On March 4, 2013, Rep. Beth McCann and Sen. Angela Giron introduced HB 13-1249 - Concerning Residential Foreclosures, and, in Connection Therewith, Requiring that Foreclosures be Initiated Only by Persons with a Security Interest in the Property and Requiring Good-Faith Dealing in Loan Modification Negotiations. This summary is published here courtesy of the Colorado Bar Association’s e-Legislative Report.
Current law allows a “holder of an evidence of debt” (holder), generally a bank or other financial institution, to foreclose on real property under a deed of trust even if the holder’s interest is based on an assignment from the original lender and the assignment or other intermediate documents are not produced, simply by providing a statement from the holder’s attorney that the holder’s interest in the property is valid. The bill removes this provision and otherwise tightens the rules for documentation of the holder’s interest that must be filed with the public trustee and with a court before a foreclosure sale is authorized. The bill also removes an existing limitation on the liability of a holder that forecloses without having possession of the original documents, to all parties damaged by the foreclosure.
The bill adds and amends definitions used throughout the bill.
The bill requires the notice that a residential borrower receives when a holder seeks an order authorizing sale (OAS) under rule 120, C.R.C.P., to include new disclosures specifying that:
- A statement or opinion offered by the holder or its attorneys or agents is not advice to the borrower, and that those persons’ sole loyalty is to the party that claims to be the holder;
- In response to the motion for an OAS, the borrower may challenge the sale on specified grounds, including whether the applicant has a right to enforce a recorded security interest in the real property affected by the foreclosure; and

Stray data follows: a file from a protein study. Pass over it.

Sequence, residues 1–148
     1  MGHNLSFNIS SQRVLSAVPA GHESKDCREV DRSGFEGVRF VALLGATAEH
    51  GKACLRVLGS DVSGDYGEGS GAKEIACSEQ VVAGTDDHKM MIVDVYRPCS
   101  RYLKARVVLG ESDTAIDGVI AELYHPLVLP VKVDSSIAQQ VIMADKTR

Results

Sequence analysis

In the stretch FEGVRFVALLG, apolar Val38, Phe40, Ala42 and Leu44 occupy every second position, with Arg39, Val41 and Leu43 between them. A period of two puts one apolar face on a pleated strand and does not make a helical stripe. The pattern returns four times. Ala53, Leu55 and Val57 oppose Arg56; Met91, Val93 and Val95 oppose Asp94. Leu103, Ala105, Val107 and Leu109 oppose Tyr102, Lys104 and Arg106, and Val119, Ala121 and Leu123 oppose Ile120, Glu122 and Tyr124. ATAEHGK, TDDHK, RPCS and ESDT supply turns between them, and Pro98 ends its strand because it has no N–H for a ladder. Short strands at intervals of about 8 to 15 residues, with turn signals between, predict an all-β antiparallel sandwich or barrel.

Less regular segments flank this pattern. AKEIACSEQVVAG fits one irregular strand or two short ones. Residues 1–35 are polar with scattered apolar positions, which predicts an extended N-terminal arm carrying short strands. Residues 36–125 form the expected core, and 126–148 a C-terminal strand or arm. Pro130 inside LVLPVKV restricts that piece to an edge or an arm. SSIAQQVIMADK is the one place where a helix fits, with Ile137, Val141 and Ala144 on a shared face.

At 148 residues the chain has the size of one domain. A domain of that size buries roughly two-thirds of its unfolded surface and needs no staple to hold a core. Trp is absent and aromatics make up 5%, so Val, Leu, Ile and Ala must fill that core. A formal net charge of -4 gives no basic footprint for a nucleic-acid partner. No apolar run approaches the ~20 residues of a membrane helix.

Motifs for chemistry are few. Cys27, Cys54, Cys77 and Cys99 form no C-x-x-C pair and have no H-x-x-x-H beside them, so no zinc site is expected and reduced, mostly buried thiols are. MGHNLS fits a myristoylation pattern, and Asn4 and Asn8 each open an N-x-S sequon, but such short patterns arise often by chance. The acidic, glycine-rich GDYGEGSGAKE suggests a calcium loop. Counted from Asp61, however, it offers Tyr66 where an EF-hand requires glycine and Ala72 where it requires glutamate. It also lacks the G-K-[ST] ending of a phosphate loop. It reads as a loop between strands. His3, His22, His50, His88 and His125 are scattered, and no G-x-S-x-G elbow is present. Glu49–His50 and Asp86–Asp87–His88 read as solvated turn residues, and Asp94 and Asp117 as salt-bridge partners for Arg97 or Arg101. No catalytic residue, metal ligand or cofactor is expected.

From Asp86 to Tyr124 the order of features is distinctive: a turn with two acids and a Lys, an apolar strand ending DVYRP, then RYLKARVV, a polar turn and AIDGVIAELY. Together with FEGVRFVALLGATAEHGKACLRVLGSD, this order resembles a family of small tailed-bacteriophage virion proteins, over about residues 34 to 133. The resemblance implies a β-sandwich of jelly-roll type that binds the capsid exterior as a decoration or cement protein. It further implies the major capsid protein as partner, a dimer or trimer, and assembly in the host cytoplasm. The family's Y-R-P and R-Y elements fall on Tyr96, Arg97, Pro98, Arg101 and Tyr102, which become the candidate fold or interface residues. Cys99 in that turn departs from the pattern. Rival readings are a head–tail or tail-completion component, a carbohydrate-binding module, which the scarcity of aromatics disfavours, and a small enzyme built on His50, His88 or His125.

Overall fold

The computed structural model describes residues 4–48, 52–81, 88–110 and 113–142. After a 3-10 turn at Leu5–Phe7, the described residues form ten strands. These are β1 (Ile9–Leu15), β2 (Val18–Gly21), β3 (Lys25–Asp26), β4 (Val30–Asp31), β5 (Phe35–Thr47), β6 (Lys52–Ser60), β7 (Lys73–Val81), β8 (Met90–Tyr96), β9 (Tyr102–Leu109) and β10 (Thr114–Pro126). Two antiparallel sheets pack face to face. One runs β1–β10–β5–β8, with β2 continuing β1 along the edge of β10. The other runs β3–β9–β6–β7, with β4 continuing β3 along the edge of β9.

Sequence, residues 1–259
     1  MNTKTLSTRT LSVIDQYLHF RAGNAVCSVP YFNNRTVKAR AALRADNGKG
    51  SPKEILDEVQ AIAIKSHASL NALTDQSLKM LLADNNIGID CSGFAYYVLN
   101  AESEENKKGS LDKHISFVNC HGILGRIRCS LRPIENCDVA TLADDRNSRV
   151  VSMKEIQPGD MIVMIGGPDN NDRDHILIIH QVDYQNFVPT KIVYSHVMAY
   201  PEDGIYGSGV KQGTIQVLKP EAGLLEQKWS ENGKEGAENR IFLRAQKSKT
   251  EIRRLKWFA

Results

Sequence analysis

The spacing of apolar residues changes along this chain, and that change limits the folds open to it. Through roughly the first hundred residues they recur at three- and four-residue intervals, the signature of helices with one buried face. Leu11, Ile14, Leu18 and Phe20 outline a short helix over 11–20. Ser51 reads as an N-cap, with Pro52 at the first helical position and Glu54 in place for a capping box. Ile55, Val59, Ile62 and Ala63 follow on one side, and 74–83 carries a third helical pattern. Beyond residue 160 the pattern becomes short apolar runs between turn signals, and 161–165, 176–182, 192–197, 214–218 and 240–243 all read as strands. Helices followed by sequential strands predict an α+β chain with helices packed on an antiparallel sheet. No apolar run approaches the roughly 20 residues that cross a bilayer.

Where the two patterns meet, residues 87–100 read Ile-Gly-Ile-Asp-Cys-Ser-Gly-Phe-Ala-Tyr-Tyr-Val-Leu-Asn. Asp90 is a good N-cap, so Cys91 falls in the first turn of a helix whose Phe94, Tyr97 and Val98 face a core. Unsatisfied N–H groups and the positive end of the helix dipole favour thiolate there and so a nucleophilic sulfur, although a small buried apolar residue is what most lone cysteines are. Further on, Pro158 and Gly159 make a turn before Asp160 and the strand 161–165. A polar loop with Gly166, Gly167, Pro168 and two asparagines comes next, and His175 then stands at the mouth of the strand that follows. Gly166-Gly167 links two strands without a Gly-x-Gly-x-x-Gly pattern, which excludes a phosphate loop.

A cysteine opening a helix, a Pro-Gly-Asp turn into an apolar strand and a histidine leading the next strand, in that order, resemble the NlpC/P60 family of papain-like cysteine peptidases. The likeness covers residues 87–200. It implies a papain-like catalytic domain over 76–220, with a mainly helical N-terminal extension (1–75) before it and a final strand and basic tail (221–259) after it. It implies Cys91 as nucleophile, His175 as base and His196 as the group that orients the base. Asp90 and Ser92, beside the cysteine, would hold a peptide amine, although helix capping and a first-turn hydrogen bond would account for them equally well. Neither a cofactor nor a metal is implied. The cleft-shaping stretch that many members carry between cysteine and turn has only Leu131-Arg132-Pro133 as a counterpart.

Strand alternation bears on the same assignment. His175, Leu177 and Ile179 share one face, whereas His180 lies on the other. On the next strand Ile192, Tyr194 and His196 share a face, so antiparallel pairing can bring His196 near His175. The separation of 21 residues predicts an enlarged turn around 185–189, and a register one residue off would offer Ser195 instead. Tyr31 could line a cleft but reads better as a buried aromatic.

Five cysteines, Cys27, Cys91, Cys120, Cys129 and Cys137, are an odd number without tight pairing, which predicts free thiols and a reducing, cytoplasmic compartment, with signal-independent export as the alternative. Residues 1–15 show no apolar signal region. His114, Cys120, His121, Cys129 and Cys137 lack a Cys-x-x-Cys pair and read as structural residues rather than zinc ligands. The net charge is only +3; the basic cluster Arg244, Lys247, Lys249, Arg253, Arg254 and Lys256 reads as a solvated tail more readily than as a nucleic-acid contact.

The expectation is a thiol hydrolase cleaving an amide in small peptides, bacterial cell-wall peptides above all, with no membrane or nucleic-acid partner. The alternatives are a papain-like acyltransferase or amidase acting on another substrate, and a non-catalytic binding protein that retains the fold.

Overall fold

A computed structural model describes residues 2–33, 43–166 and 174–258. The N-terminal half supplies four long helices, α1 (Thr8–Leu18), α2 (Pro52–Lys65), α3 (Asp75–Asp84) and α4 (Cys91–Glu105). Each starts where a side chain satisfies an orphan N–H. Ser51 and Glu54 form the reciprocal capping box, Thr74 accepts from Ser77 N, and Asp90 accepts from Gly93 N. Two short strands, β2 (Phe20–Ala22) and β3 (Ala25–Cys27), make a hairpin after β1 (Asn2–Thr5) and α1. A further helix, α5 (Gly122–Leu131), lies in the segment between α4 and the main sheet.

- It is illegal for a foreclosure consultant to charge an up-front fee.
The bill addresses “dual tracking,” in which a lender simultaneously negotiates with the borrower for a loan modification and pursues foreclosure through the public trustee. This section requires the servicer of the loan to establish a single point of contact by which the borrower may stay apprised of the status of his or her application for a loan modification. Section 4 also prohibits the lender from starting or continuing with the foreclosure process if the borrower is complying with the terms of a trial payment plan or other foreclosure prevention alternative.
The bill explicitly authorizes any party to an OAS proceeding to raise, and requires the court to consider, the issue of whether the moving party has an enforceable legal interest in the property. The bill also requires that the notice posted on the property in advance of the OAS proceeding contain a prominent disclosure that the borrower must respond in writing by a specific date or lose the right to object to a sale of the property.
At the request of the Real Estate Section, the CBA Legislative Policy Committee has voted to oppose the bill in its current form. The bill is assigned to the Business, Labor, Economic, & Workforce Development Committee; the committee will consider the bill on Thursday, April 11, at 1:30 p.m.